It’s May long weekend and there is snow on the ground. May long weekend has always been unpredictable weather wise, and yet it marks the beginning of the gardening season – as traditional wisdom has it. It’s the first weekend you can start to think about putting your bedding plants in the ground, with truly frost sensitive things waiting until the first or second week of June.
May long weekend is fairly early this year. Our average last frost date is actually next weekend – the 25th or 26th of May. So our bedding plants are safe and sound at Room to Grow greenhouse, or in the windows of our homes.
Seeds, on the other hand, are in. We planted out our first round of beets, radishes, turnips, tatsoi, arugula, lettuces, peas, carrots, and parsnips over the last two weeks. Seed potatoes and onion sets are also in the soil. And so far, most of those things have germinated. They’re all plants that can handle a bit of cold weather. But a dusting of snow – we’ll have to see. All but the peas, potatoes and onions are tucked in under a blanket of row cover to hold in the heat. But was there enough wind to throw it off? Is the blanket of snow heavy enough to turn the cover into a giant crushing machine? These are the things we have to worry about in weather like this. We have been at more than just planting this spring.
On Friday we played host to a high school group on choir retreat at CMU. The sun was shining, but the soil was soggy from the Wednesday/Thursday rain. So instead of helping us with planting, we spent the time learning about food systems with an activity from USC Canada. If you’re looking for resources for teaching your family about food and seed security check out their website, they have some really great activities, printouts and suggestions for all ages.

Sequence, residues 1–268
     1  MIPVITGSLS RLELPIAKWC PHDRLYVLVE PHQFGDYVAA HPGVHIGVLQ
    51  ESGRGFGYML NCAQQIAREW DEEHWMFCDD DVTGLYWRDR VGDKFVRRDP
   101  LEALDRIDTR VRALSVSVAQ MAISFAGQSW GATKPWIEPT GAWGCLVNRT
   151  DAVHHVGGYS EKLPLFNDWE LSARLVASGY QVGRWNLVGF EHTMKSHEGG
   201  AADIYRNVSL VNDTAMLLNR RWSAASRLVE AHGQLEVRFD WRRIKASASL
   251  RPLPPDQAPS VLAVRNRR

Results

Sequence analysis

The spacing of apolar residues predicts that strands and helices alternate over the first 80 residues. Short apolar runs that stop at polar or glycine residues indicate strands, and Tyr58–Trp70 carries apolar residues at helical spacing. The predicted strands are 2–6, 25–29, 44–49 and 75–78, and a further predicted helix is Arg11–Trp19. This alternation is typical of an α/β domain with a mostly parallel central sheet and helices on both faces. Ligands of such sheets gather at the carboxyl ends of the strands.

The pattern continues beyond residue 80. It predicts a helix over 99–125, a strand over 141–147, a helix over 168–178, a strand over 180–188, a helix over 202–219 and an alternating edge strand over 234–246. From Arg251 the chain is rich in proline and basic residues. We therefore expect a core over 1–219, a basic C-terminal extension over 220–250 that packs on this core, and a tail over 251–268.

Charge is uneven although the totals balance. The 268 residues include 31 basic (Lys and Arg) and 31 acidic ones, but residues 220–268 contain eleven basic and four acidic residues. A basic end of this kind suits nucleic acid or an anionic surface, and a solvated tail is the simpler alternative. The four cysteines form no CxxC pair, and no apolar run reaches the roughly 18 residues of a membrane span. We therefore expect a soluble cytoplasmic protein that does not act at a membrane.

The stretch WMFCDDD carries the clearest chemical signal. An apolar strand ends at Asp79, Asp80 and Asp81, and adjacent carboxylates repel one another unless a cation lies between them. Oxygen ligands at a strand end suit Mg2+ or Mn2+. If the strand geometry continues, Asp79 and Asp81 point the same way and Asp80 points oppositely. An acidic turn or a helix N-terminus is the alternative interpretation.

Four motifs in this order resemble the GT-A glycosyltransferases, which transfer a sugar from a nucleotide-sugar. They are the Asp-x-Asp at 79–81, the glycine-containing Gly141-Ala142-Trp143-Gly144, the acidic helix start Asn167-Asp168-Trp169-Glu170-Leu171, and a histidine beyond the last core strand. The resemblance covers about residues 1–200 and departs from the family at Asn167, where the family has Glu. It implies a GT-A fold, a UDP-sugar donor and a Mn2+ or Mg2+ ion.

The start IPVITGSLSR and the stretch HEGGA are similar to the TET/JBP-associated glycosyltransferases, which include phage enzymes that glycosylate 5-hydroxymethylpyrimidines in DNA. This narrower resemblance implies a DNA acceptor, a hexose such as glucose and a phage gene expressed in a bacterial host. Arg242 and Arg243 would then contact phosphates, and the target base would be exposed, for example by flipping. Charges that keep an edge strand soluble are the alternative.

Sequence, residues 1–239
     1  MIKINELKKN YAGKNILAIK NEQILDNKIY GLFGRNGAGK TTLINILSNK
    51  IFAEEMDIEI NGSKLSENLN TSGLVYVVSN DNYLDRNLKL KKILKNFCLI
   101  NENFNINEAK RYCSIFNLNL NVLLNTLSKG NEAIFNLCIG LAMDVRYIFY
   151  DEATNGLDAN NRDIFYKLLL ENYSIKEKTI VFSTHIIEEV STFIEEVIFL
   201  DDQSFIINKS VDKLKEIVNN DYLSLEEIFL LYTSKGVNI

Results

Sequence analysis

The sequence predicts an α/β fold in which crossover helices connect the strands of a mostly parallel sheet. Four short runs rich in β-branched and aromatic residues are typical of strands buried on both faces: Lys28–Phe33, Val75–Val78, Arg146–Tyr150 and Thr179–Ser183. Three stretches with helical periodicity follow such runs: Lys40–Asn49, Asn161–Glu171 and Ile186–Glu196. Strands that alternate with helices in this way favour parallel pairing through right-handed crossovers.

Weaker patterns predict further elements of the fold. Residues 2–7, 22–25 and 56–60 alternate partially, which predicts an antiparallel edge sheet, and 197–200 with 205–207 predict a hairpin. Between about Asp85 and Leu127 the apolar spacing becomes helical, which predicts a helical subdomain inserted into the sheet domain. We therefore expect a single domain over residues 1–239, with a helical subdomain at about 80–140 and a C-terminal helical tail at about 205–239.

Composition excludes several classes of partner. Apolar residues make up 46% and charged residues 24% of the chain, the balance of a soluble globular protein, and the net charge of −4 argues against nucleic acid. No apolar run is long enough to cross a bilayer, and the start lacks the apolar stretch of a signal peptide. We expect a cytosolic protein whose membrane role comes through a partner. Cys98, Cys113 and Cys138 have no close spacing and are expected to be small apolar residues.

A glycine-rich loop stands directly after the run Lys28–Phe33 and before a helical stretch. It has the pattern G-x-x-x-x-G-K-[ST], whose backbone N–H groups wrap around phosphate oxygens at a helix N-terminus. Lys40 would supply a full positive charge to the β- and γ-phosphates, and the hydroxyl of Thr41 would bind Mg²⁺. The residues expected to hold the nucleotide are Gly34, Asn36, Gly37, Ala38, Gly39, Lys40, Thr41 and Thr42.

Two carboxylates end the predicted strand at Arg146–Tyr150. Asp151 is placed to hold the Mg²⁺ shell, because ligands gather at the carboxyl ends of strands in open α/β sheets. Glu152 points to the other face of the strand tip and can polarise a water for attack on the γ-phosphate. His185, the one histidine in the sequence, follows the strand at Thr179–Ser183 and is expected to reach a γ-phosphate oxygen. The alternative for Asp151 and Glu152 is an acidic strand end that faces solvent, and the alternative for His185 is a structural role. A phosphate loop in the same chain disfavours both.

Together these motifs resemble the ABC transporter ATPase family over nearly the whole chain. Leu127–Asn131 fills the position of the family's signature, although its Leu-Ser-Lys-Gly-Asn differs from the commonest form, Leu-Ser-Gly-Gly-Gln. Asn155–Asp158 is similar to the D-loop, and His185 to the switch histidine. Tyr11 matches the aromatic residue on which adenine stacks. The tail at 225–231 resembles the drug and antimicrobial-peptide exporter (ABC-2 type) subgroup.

We are also planting an orchard this year! We have about 20 apple trees of various varieties to plant out around the farm. It really does make us feel more established planting trees. With a vegetable farm you know if everyone suddenly walks away, within one year you can sew it all back to grass. But with trees you really begin making a more permanent connection to the land. We started to feel that a bit last year when we put in a new fence, so our levels of commitment to this place continue to increase. It feels good, it feels…settled. And we’re so excited to add them to shares, maybe press some into cider – oh the options. Big thanks to Canadian Mennonite University and Friends of Gardens Manitoba for helping out with the trees, through donation and super affordable pricing.
We do still have shares for sale – if you or someone you know are still looking for your CSA hook-up for this year. Find out more here.
One thing we can count on is that summer is coming, and we still have plants to put in. So stay tuned for opportunities to plant with us. Coming soon.